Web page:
Road to Game Dev: Enemy Wave Management (Part 1)

Rowan Mcmanus
4 min readSep 10, 2021

Now that we have some more advanced movement patterns set up, it’s time to start setting up the foundations to creating an actual level in the game. As with most things, there’s a number of ways to approach this; the method I’ll be using isn’t the most elegant, but it builds on most of what has already been done.

Patterning Enemy Movement

The first step towards creating a wave is setting up how that wave will actually look and behave. Simply dropping enemies in randomly isn’t really a wave — we want our enemies to have a path, a plan, and a goal. This means that for each enemy, we have to give them a list of individual movement types; For example, a Burst move followed by a halt and then another Burst move.

The challenge here is finding a way to both store and access all of this information; For more advanced applications, it might make sense to make child objects storing the information, or even something called an Abstract Class. We could also choose to store the information in a JSON file and read from the file. For now, however, it’s the most straightforward to simply store the information on the enemy directly and make variants of the prefab. We can create a bunch of arrays storing the information, with each element corresponding to a specific move. Not each array will be used for every move, so they can just be left at 0. Here’s an example of what one of mine looks like:

Reading the Movement Data

Now comes the hard part: Actually reading the movement data and executing it properly. This is where tons of issues can arise, from timing, to ordering, to overlap, etc. Coroutines are our friends once again. We have two options here; one option is to make a coroutine that iterates to the next movement type whenever one finishes, while the other is to have a set of smaller coroutines that simply assign new information after a delay. Either option works; the first option is slightly less memory-intensive, but for this small of an application, I’ll be using the second option since it makes a bit more sense to my brain. Here’s what the coroutine looks like:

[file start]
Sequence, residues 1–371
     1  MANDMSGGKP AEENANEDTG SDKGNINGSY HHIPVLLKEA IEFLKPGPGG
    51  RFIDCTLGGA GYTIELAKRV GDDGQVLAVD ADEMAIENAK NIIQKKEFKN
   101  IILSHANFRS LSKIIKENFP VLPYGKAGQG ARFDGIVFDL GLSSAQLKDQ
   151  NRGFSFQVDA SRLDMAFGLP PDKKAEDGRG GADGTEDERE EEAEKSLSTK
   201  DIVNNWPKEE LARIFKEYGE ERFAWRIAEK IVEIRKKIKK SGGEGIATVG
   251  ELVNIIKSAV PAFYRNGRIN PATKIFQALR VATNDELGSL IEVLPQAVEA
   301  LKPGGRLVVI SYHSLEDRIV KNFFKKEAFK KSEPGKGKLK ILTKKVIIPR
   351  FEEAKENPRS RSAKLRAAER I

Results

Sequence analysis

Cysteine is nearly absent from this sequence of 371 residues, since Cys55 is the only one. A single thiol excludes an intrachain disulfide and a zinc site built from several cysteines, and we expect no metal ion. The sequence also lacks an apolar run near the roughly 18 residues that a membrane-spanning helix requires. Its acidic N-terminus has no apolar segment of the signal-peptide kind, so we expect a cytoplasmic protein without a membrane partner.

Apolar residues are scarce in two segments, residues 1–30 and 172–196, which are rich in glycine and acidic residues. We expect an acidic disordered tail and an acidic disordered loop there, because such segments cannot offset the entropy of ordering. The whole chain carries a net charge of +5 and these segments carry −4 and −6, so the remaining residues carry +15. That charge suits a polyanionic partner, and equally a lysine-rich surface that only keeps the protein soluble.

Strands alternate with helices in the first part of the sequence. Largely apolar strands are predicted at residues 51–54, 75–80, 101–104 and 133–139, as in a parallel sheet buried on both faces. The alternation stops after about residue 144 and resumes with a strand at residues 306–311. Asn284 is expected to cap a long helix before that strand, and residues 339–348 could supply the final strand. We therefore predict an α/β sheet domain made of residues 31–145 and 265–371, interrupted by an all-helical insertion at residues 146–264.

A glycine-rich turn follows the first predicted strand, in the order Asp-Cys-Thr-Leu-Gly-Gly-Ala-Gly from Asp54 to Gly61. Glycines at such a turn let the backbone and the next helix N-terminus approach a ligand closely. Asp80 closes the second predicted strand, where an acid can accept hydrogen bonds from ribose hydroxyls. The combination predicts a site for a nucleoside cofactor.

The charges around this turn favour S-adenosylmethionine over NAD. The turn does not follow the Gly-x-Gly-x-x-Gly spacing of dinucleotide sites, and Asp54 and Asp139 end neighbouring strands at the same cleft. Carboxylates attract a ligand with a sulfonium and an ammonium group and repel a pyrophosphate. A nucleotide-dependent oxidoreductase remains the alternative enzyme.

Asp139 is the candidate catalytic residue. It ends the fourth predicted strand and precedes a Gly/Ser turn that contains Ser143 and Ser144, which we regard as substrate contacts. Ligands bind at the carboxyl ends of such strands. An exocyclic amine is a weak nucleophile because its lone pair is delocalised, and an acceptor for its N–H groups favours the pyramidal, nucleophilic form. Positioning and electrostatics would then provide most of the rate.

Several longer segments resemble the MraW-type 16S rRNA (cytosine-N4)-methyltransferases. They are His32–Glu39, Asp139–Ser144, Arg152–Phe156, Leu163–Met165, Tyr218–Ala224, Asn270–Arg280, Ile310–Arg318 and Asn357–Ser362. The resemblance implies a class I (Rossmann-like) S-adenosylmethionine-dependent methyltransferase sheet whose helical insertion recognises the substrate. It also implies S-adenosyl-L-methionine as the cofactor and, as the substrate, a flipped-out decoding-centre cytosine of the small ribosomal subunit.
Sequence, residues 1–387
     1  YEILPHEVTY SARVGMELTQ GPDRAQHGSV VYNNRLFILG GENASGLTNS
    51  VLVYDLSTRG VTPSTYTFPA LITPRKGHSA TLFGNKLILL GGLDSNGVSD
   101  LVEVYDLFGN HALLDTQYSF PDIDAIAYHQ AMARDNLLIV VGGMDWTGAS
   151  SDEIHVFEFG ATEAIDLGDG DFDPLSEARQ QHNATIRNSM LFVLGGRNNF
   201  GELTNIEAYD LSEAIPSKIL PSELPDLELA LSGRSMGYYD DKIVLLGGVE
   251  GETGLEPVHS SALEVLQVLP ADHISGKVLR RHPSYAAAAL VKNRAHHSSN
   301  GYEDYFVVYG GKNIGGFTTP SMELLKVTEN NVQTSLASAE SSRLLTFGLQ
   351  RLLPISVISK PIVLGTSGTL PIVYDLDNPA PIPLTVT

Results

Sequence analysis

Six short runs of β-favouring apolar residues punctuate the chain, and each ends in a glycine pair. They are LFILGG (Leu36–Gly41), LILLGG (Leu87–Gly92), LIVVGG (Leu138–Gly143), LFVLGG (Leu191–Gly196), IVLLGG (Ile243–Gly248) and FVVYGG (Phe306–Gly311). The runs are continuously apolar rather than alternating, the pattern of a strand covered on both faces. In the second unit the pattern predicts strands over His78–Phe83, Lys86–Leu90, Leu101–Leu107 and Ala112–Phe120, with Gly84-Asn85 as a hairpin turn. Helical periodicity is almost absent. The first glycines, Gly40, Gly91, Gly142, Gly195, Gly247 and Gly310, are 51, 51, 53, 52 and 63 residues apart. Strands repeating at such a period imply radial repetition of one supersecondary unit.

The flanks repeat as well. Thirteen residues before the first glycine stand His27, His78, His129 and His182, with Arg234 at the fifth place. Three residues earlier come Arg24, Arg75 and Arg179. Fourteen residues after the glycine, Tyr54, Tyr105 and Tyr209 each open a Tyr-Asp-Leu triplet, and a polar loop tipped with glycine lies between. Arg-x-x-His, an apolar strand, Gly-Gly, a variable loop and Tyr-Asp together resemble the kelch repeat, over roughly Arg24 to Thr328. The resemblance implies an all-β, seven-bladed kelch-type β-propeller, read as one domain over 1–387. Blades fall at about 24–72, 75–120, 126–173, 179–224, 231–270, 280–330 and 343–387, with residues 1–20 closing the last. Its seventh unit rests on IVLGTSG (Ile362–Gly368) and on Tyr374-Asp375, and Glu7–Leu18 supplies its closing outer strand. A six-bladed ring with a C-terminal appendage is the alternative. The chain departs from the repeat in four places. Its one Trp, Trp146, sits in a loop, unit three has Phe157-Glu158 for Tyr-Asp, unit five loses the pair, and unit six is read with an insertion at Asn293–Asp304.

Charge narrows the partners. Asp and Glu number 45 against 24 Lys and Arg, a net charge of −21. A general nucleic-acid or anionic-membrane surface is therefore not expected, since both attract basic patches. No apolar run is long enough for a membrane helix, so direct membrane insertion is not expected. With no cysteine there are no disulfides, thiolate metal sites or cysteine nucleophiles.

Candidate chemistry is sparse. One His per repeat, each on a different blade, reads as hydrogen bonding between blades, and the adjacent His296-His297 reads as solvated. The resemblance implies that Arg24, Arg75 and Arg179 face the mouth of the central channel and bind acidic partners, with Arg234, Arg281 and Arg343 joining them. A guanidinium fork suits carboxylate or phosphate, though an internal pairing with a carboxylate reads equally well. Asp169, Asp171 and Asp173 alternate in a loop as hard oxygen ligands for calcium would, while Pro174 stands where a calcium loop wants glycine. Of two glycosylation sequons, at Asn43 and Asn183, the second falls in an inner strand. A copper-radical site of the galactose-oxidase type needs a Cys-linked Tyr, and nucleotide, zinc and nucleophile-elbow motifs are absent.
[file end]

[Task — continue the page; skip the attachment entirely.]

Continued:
When it starts, it checks what cycle the enemy is currently on, in case we want an enemy to repeat movements several times. Then, after a delay, if the cycle is still the same, it re-assigns all of the movement information, allowing our movement controller to automatically switch over. And, if we’re not on burst move, it also stops the timer for it so it doesn’t overlap. Now we just need a master function to make sure the coroutines are triggered at the proper times:

With this, all of the coroutines are technically started at the same time, but the movement change doesn’t actually occur until the total delay has elapsed. This assumes that you assign the duration of each move, however — you don’t need to track the total duration if you’re assigning timestamps instead! The teleport controller is a much more compact version of the movement changer; since it doesn’t use any of the other information, it can use only those few variables.

Multiple Cycles

Last thing here is that cycle check; sometimes, we may want an enemy to repeat a movement pattern again once it flies off the screen, or maybe we want it to reappear randomly in between moves, or simply jump to the top of the screen. For this, we need to declare a “respawn type” that tells the enemy what to do once it leaves the screen. This is as simple as editing our previous function that respawned enemies at the top:

One important thing to note here is the “distance to go” variable. If an enemy respawns at the top of the screen partway through a move, it can cause some extremely weird behavior, so this re-adjusts the destination so that the movement can proceed uninterrupted.

With this foundation in place, it’s time to start putting together waves…